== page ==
Complaints to the Financial Ombudsman Service about debt counselling were 47% higher in the year to March 31 2015 than in the previous financial year. Complaints about fees and charges and the way these were communicated to clients continue to dominate the debt counselling complaints.

The FCA has also previously revealed it is concerned about whether debt management firms have adequate systems in place to protect client money, are providing suitable advice and have sufficiently trained staff.

Back in September 2014, Victoria Raffe, director of authorisations at the FCA, said:

“[fusion_builder_container hundred_percent=”yes” overflow=”visible”][fusion_builder_row][fusion_builder_column type=”1_1″ background_position=”left top” background_color=”” border_size=”” border_color=”” border_style=”solid” spacing=”yes” background_image=”” background_repeat=”no-repeat” padding=”” margin_top=”0px” margin_bottom=”0px” class=”” id=”” animation_type=”” animation_speed=”0.3″ animation_direction=”left” hide_on_mobile=”no” center_content=”no” min_height=”none”][Debt management] firms are advising consumers who have often reached rock bottom, so it’s important that firms get it right. Many firms are falling well short of our expectations and they will need to raise their game if they want to continue operating.”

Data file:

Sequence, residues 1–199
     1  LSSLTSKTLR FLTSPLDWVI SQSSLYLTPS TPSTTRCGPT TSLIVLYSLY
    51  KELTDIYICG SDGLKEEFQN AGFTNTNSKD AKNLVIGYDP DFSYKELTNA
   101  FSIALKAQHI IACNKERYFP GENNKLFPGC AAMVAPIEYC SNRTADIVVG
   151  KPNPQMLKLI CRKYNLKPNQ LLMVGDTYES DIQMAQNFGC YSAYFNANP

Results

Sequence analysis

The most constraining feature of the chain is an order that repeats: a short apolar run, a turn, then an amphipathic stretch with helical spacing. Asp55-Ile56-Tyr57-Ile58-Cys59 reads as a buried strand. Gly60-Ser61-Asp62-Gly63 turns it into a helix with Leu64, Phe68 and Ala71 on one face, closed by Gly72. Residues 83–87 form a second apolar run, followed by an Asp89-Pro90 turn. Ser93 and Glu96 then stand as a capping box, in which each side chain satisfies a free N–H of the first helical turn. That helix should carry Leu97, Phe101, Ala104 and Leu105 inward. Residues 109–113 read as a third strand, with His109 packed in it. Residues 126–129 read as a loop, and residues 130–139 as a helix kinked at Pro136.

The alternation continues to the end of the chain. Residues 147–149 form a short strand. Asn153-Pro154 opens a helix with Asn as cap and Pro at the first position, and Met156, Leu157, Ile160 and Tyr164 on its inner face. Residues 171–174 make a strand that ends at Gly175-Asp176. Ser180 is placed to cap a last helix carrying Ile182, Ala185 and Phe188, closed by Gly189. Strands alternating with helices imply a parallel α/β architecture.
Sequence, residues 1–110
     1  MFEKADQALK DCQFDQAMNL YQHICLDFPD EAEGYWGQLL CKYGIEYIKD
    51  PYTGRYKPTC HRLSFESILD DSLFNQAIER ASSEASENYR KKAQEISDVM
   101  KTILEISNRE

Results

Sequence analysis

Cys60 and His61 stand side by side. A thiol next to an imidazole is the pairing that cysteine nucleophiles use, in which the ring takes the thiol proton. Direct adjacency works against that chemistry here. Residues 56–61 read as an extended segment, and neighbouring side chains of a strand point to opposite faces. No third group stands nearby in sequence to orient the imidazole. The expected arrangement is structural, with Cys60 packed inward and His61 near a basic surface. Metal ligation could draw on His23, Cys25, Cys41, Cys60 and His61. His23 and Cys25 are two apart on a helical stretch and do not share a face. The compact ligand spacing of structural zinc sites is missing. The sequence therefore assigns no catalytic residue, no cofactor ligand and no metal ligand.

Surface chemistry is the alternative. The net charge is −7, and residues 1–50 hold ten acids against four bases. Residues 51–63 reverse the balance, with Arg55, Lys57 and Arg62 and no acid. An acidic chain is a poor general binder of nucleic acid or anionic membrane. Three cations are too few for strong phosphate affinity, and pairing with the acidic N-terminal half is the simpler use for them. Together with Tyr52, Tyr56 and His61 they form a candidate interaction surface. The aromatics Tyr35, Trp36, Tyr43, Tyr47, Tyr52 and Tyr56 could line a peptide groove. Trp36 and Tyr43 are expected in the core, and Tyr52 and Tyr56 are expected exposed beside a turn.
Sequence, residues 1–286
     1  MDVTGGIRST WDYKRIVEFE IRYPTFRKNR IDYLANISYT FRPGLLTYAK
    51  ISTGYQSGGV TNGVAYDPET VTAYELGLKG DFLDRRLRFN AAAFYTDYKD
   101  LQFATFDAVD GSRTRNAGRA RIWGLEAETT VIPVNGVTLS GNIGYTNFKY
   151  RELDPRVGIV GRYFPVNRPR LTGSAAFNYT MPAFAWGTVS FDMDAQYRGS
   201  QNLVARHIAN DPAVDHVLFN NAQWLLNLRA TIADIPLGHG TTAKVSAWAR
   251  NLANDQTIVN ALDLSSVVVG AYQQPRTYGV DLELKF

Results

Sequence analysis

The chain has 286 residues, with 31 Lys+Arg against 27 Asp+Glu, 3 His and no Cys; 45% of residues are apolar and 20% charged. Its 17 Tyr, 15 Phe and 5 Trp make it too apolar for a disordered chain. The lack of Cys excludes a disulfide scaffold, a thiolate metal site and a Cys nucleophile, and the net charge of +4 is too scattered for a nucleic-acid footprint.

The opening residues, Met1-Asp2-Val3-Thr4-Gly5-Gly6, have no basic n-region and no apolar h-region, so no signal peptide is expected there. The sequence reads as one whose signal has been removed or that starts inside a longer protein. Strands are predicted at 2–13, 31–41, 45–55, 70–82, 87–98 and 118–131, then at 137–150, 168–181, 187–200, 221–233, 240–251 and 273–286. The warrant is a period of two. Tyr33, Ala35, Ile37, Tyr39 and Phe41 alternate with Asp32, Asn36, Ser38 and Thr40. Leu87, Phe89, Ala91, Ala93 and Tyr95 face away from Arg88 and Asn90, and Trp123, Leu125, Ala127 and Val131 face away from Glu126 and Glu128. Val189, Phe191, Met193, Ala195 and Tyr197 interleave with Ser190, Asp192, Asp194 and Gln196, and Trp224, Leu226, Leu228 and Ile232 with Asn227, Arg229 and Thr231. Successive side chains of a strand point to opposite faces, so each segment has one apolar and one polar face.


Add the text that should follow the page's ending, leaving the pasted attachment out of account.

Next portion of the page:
All commercial debt adjusters, and all commercial debt counsellors in the Northern region should already have applied to the FCA to upgrade their interim permissions to full permission. Debt counsellors in London must apply before the end of May 2015, those in Northern Ireland and the South and East regions must apply before the end of June, and the final application deadline for firms in the Central region is July 31 2015.

The information shown in this article was correct at the time of publication. Articles are not routinely reviewed and as such are not updated. Please be aware the facts, circumstances or legal position may change after publication of the article.